Bad marriage, broken heart?

Bad marriage, broken heart?
The link between a bad marriage and heart disease is more pronounced for older couples and, in particular, women, finds a study led by Michigan State University. Credit: Michigan State University

Older couples in a bad marriage—particularly female spouses—have a higher risk for heart disease than those in a good marriage, finds the first nationally representative study of its kind.

The findings suggest the need for marriage counseling and programs aimed at promoting and well-being for couples into their 70s and 80s, said lead investigator Hui Liu, a Michigan State University sociologist.

"Marriage counseling is focused largely on younger couples," said Liu, associate professor of sociology. "But these results show that marital quality is just as important at older ages, even when the couple has been married 40 or 50 years."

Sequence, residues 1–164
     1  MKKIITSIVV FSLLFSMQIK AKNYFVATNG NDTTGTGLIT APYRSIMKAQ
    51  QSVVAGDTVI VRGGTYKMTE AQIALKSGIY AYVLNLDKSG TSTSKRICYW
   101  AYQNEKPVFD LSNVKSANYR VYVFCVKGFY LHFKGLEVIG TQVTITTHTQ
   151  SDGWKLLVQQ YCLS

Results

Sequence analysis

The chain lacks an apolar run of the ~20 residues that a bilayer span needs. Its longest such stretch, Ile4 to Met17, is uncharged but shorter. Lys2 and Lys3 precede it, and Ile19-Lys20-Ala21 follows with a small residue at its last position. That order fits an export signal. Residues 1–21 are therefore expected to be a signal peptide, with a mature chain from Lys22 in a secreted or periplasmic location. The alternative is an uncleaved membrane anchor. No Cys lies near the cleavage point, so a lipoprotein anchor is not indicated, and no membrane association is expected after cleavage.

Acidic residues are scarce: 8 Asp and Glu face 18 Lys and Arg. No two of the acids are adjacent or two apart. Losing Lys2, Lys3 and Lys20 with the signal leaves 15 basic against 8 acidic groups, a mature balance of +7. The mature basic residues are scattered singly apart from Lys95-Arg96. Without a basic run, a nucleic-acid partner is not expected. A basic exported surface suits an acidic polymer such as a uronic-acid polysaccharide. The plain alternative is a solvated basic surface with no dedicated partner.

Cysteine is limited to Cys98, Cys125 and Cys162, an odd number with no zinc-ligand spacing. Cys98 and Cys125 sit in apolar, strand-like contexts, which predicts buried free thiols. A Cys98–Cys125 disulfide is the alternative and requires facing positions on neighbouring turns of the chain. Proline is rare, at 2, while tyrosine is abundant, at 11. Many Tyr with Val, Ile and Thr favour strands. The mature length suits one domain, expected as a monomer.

The study, funded by the National Institute of Aging, an arm of the National Institutes of Health, is published online in the Journal of Health and Social Behavior.

Liu analyzed five years of data from about 1,200 and women who participated the National Social Life, Health and Aging Project. Respondents were aged 57-85 at the beginning of the study.

The project included survey questions about marital quality, and lab tests and self-reported measures of cardiovascular health such as heart attacks, strokes, hypertension and high levels of C-reactive protein in the blood.

Liu set out to learn how marital quality is related to risk of over time, and whether this relationship varies by gender and/or age. Among her findings:

More information: The study is titled "Bad marriage, broken heart? Age and gender differences in the link between marital quality and cardiovascular risks among older adults."

Citation: Bad marriage, broken heart? (2014, November 19) retrieved 2 March 2024 from
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